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Transfusion. 2002 Jul;42(7):869-75.

NAT for HBV and anti-HBc testing increase blood safety.

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Institute of Transfusion Medicine and Immunohematology German Red Cross, Hesse, Frankfurt.



Routine HBV PCR screening of blood donations to our institutes was introduced in January 1997 to complete the NAT screening program for transfusion-relevant viruses. Testing was successively extended to customer transfusion services with a total of 1,300,000 samples tested per year.


Minipools of 96 blood donation samples were formed by automatic pipettors. HBsAg-reactive samples were included. HBV particles were enriched from the minipools by centrifugation. Conventional and in-house TaqMan PCRs were successively applied for HBV amplification. Sensitivity reached 1000 genome equivalents per mL for each individual donation. Confirmatory single-sample and single-sample enrichment PCRs were established with sensitivities of 300 and 5 to 10 genome equivalents per mL, respectively.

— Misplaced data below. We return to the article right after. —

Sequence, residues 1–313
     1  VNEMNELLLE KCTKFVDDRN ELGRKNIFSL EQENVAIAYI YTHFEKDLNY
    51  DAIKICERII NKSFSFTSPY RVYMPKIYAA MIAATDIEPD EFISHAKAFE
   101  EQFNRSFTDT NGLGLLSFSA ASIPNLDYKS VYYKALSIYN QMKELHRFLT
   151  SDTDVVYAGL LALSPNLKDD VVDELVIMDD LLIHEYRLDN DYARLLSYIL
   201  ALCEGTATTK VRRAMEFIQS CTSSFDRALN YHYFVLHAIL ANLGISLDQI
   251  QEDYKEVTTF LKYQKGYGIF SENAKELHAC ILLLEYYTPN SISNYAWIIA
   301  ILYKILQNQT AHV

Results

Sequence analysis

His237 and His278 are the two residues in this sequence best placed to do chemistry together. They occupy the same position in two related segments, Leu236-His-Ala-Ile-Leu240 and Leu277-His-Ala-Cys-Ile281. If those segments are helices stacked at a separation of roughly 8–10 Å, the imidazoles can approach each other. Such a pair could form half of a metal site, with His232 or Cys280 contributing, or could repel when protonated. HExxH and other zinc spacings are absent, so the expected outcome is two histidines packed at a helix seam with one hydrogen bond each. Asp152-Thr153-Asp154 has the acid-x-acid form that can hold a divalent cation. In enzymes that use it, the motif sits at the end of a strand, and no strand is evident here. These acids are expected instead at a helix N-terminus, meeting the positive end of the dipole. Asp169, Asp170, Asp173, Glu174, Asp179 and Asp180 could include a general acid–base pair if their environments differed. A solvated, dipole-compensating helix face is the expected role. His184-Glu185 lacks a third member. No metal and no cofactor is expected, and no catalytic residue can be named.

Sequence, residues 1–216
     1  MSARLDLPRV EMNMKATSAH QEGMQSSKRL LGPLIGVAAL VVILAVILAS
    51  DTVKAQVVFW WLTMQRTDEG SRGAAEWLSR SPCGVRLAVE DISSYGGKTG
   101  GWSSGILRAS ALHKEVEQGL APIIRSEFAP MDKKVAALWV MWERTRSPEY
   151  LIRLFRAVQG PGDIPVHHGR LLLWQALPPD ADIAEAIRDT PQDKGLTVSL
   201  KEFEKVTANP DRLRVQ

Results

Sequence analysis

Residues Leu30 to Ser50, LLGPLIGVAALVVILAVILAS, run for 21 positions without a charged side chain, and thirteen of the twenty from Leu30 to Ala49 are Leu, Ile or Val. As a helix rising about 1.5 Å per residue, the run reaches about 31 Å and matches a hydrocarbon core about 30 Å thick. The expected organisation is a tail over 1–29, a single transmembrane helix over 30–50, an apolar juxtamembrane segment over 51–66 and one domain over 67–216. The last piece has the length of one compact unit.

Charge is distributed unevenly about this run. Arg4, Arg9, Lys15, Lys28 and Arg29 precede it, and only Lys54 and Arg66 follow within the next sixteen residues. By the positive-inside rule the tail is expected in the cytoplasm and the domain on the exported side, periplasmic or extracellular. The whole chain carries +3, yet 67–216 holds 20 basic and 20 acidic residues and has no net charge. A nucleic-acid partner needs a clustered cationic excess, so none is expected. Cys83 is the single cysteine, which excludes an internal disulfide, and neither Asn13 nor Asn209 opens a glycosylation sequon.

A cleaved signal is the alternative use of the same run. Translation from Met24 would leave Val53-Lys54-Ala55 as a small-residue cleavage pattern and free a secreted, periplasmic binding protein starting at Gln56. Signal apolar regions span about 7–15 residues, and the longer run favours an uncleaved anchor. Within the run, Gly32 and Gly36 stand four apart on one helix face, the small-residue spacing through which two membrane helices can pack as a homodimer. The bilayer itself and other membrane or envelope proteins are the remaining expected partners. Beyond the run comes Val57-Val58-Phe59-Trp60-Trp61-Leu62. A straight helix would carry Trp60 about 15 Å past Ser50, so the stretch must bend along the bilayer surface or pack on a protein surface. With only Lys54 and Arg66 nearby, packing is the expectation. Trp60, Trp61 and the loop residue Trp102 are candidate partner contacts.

After screening of 3.6 million donor samples, 6 HBV PCR-positive, HBsAg-negative donations were identified. Two samples were from infected donors who had not seroconverted and four were from chronic anti-HBc-positive low-level HBV carriers. Retesting by single-sample PCR of 432 samples confirmed positive for HBsAg identified 37 donations that were negative in minipool PCR. Donor-directed look-back procedures indicated that no infected donor who had not yet seroconverted was missed by minipool PCR. However, recipient-directed look-back procedures revealed two anti-HBc-positive recipients of HBsAg-negative minipool PCR-negative, anti-HBc-positive and single-sample PCR-positive blood components. After testing randomly selected 729 HBsAg-negative minipool PCR-negative, anti-HBc-positive donors by single-sample enrichment PCR, 7 were identified with < or = 10 HBV particles per mL of donor plasma.


Minipool PCR testing after virus enrichment was sensitive enough to identify HBsAg-negative donors who had seroconverterd and HBsAg-negative, anti-HBc-positive chronic HBV carriers. HBV NAT in conjunction with anti-HBc screening would reduce the residual risk of transfusion-transmitted HBV infection.

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